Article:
Outside of asking my wife to marry me, the best decision I ever made came in late July 2018 while on a long-scheduled vacation to the Great Smoky Mountains.
It was in the heat of a controversy in which the previous sheriff went bat-crap crazy in pursuit of an elderly couple who had gotten overwhelmed with unwanted dogs and cats, and a lunatic group of animal rescuers — once “friends” — who saw the potential for a huge payday at the expense of that same elderly couple. Instead of “helping,” they waited more than two months to devise a plan to get as much national exposure as possible to rake in the most money possible. It was a disgraceful act.
It had been about two weeks since the military-style raid launched by our (thankfully) ex-sheriff, and he had declared war on this newspaper for having the gall to report a story about dog-food receipts and the fact that his henchmen turned away a pet-food-delivery — something not mentioned on his Facebook TV show.
Even then, I rarely looked or used my Facebook account. If I did, I likely had spent the night in the sauce or was posting pictures of our puppies.
I laughed at the lunacy so many show on social media and shook my head constantly at what people would actually post about themselves — or others. Those vicious women at that rescue organization — ask people who used to work with them, and they will tell of the same stories of their viciousness — went wild against me.
No surprise. I have a very thick skin, a must for working in this business for so long. Want to call me a jackass? Fine, have at it. Want to say I am fat? Come on, you can do better than that. But when those (female dogs) started going after my wife, I had two options: 1.) I could go right back after them. (But then I remembered the Murphy’s Law slogan, “Do not get in an argument with an idiot because people might not be able to tell the difference.”) or 2.) I could do what I had been wanting to do for a while — get off of Facebook.
I chose the latter. And, like an Alcoholics Anonymous success story, I have been Facebook sober for 30 months. It has been bliss.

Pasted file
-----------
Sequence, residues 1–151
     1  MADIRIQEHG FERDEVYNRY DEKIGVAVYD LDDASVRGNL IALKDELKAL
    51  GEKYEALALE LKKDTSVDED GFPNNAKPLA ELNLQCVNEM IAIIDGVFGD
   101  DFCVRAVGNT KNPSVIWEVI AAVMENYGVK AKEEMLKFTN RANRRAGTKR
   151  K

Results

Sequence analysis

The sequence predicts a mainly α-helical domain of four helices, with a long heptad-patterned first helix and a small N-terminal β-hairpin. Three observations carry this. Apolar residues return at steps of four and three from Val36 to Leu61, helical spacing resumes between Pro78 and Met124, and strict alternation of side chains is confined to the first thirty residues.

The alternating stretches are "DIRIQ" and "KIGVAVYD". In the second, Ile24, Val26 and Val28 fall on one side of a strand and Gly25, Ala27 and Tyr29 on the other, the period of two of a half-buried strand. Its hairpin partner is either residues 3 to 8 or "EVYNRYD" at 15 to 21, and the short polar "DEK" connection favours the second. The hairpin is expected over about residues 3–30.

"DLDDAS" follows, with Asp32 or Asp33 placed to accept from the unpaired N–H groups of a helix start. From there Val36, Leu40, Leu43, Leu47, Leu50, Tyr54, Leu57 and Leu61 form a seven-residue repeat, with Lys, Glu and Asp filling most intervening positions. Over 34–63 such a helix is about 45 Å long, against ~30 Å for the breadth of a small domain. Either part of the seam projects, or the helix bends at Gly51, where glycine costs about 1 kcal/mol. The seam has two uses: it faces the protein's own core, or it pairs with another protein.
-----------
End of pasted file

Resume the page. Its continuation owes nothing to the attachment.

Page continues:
We can see now what is happening with social-media tech giants, silencing dissenting views and using someone’s speech to ostracize and even “cancel” users with whom there is disagreement. Anyone can be canceled now if their thought goes against that of which “they” believe — which is about half of the country. I imagine many of those reading this right now have spent time in Facebook jail if not been suspended forever.
It is getting worse every day. If a photo of you at a protest doesn’t jive with “the mainstream,” you will find yourself in danger of losing a job, of not being able to use a bank or fly on an airline. Decisions are being made in emotional fits where the results will be a complicit, complacent citizenry that will keep their mouths shut and follow orders — or else. Can anyone say China?
Is this the latest salvo into giving every American a social credit score, where you are monitored 24 hours per day and — do anything wrong, say the wrong word, protest at the wrong time and be banished from society? Such would be a politician’s dream, but it is so antithetical to what the founding of this country was based upon.
The pushback now is minimal because the loudest voices are not the ones being targeted. We must always be reminded of early 20th century German Lutheran Pastor Martin Niemoller, who said in reference to Hitler’s rise, “First they came for the socialists, and I did not speak out — because I was not a socialist. Then they came for the trade unionists, and I did not speak out — because I was not a trade unionist. Then they came for the Jews, and I did not speak out — because I was not a Jew. Then they came for me — and there was no one left to speak for me.”
First they came for the conservatives ... it is happening right now and is being led by monopolies such as Facebook and Twitter, with the blessings of corporate America and a national media that has devolved into little more than a propagandist arm for the Democratic Party. When conservatives do find an alternate outlet free of agenda-driven censorship, the giants collude to silence them, too.
One solution would be to hurt them the best way possible — by leaving for good. Tell them to stick it. Make it hurt where it hurts most — in their pocketbooks. The ancillary effect will be peace of mind for you and yours — and when, eventually, they do install social credit scores and they look you up, there will be nothing. Zero.
Rip off the Band-Aid. It isn’t that bad, really. Oh, you might have to actually talk to another human being, but is that really so bad?
It’s exponentially better than having to police your every word and action in fear of being canceled by society.
Sean Murphy is managing editor of the Leader-Call. Email him at email@example.com.